Memorial Day weekend got off to an unpleasant start for Capital Region rockers Aficionado. The proudly prog ensemble (Q: How prog? A: They recently added a flautist to their lineup; not to mention the full-time lighting guy) found Saturday morning that their tour vehicle, a 1995 “short bus,” had been torched in what is assumed to be an act of arson. The bus was parked at La Salle School, across from the College of Saint Rose campus on Western Avenue, where the band members had been painting the vehicle blue to avoid it being mistaken for an operating school bus.

August Rosa, the band’s guitarist, said in an interview, “We put newspaper over the windows so the paint wouldn’t get on the chrome or the glass. We wanted to go over [the paint] again, so we left it in the lot overnight. [We think] that somebody lit the paper on the front, on the grill, which led the battery to explode, and inevitably the engine . . . ”

So far, there haven’t been any strong leads from the Albany Police or Saint Rose security, but the band members hope to find out more from security-camera footage.

Nicholas Warchol, the band’s singer (and to whom the bus was registered), wrote in a blog post on the band’s MySpace site, “Saint Rose surveillance cameras have video footage of one person standing near the bus in the minutes prior to the fire. When this video is turned over to police, hopefully the image can be enhanced in order to reveal the identity of the unknown arsonist.”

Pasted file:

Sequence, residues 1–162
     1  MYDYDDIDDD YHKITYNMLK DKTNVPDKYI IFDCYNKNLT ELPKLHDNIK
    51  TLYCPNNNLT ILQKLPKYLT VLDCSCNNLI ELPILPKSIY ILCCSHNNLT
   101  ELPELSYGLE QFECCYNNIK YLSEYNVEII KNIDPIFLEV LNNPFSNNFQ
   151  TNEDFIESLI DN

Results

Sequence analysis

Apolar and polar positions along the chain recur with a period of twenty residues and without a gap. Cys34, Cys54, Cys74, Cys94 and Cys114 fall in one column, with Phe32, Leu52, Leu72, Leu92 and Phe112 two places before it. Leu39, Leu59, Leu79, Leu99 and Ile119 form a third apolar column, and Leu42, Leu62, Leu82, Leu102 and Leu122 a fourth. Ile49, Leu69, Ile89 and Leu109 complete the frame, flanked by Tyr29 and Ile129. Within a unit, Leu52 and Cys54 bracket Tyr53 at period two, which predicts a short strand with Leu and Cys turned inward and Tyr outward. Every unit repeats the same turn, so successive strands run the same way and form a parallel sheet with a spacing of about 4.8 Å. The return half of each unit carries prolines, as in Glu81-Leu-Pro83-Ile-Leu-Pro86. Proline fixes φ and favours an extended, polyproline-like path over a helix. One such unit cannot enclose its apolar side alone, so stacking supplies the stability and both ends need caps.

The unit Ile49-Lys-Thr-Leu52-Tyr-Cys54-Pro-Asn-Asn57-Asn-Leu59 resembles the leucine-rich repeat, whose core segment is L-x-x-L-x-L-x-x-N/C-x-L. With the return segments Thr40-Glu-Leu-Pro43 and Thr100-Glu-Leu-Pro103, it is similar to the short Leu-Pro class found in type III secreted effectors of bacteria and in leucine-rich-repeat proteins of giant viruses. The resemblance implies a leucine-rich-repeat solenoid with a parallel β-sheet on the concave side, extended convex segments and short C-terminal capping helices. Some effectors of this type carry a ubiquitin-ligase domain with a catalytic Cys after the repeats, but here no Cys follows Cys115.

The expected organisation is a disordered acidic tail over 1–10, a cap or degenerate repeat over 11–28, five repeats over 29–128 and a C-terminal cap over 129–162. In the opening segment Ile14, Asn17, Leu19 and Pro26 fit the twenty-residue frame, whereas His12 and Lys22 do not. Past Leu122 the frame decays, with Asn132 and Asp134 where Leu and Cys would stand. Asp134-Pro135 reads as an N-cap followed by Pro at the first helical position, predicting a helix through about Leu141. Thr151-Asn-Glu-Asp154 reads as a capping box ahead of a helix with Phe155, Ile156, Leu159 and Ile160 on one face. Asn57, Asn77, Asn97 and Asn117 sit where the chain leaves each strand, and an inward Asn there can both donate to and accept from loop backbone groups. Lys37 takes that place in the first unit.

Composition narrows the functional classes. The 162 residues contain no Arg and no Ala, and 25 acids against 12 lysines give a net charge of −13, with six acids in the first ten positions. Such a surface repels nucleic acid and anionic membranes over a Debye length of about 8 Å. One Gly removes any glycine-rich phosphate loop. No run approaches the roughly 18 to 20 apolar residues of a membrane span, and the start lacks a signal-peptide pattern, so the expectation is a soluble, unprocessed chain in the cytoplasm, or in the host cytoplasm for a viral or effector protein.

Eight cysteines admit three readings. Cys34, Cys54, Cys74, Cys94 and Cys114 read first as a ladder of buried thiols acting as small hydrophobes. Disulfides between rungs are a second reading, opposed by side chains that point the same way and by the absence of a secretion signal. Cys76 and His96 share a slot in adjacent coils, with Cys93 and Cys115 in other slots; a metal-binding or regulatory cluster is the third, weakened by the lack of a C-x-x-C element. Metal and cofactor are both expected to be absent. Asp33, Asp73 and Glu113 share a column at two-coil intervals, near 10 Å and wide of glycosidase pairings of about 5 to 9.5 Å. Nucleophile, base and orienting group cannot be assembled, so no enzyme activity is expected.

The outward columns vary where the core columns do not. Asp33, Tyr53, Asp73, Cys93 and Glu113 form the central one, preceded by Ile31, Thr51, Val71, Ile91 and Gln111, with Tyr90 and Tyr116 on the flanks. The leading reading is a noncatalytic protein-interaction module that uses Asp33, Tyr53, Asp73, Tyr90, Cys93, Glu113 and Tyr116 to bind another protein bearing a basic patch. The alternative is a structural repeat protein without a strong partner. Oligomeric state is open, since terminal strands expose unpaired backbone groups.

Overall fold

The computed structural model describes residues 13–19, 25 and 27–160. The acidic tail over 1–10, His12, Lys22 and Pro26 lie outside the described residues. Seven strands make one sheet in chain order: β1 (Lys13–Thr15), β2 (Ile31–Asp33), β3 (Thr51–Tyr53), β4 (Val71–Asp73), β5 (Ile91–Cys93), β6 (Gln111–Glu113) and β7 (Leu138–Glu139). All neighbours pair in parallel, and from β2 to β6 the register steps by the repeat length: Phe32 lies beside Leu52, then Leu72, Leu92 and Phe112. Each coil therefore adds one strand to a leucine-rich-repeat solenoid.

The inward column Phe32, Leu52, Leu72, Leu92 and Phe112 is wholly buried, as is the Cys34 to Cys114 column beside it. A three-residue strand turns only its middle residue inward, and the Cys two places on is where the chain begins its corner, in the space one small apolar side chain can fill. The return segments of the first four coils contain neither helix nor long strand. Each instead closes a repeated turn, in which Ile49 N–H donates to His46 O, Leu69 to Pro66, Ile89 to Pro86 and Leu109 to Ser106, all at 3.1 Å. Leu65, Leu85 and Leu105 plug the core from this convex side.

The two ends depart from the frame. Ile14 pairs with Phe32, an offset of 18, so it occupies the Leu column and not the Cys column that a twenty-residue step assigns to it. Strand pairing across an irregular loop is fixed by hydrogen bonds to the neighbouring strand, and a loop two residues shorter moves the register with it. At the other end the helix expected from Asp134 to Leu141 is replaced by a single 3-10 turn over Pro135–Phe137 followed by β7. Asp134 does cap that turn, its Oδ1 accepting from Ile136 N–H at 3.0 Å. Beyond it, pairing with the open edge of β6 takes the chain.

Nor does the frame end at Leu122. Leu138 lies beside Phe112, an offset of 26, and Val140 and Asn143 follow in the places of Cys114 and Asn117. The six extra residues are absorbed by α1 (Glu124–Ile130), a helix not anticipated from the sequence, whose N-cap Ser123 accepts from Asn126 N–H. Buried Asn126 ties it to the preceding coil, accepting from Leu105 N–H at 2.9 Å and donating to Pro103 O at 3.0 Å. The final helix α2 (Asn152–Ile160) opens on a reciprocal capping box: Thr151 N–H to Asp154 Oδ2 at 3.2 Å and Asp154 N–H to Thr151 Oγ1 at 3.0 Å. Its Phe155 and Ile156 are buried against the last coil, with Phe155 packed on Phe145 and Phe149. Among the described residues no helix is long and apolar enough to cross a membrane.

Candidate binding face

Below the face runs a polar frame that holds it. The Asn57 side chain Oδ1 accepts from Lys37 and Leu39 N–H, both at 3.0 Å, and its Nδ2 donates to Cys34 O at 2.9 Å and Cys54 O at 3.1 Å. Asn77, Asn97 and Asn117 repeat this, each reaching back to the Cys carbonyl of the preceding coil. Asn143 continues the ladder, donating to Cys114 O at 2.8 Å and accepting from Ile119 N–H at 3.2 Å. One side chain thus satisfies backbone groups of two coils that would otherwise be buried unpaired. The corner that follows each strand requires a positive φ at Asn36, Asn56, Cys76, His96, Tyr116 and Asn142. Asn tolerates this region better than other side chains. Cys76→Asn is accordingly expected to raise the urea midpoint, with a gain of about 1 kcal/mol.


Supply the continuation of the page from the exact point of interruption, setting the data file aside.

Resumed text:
The bus, which had taken the band on two lengthy tours in the 18-or-so months they owned it, had been recently renovated. Says Rosa, “We’d actually turned the whole inside into pretty much a living room, like, the day before. We were all excited about it.” Now they are left contemplating the next move, their bus totaled and insurance unlikely to cover their losses. Rosa says they have been offered a loan by a friend’s family, and that they are likely to accept, but that this will create debt that the band will have a hard time recouping. On the bright side, the band’s gear was stored elsewhere, so as long as they can find transportation, the show will go on.

Tonight’s (Thursday, May 31) show in State College, Pa., has been canceled, but, says Rosa, Aficionado—who released the rather unfortunately titled One Unfortunate Event After Another CD in early May—have no intention of canceling any further dates. Those dates include an ambitious trek that will take them across the country and back through July and early August; they also have a handful of regional dates scheduled between now and the tour’s July 7 kickoff.

A benefit show, to help the band raise money for a new ride, has been scheduled for June 23 at Basilica Industria in Hudson, and, Rosa says, an Albany benefit is in the works for around the same time. Check back here for more details as they are announced. In the meantime, visit the band at


TROY MIGHT BE GIANTS The City of Troy’s 4th Annual River Street Festival takes place on June 16. WEQX is handling the live music for the second year in a row, and this year’s lineup is shaping up to be a good one. Michigan-based harmonizers Tally Hall will make a return appearance, while the headliners will be none other than They Might Be Giants. By my count, this will be roughly the 50th free TMBG show in the Capital Region—they should get a trophy, and it should be shaped like the Egg. Loads more acts are scheduled to perform, including a bunch of local acts yet to be announced. For more on the event, visit or

—John Brodeur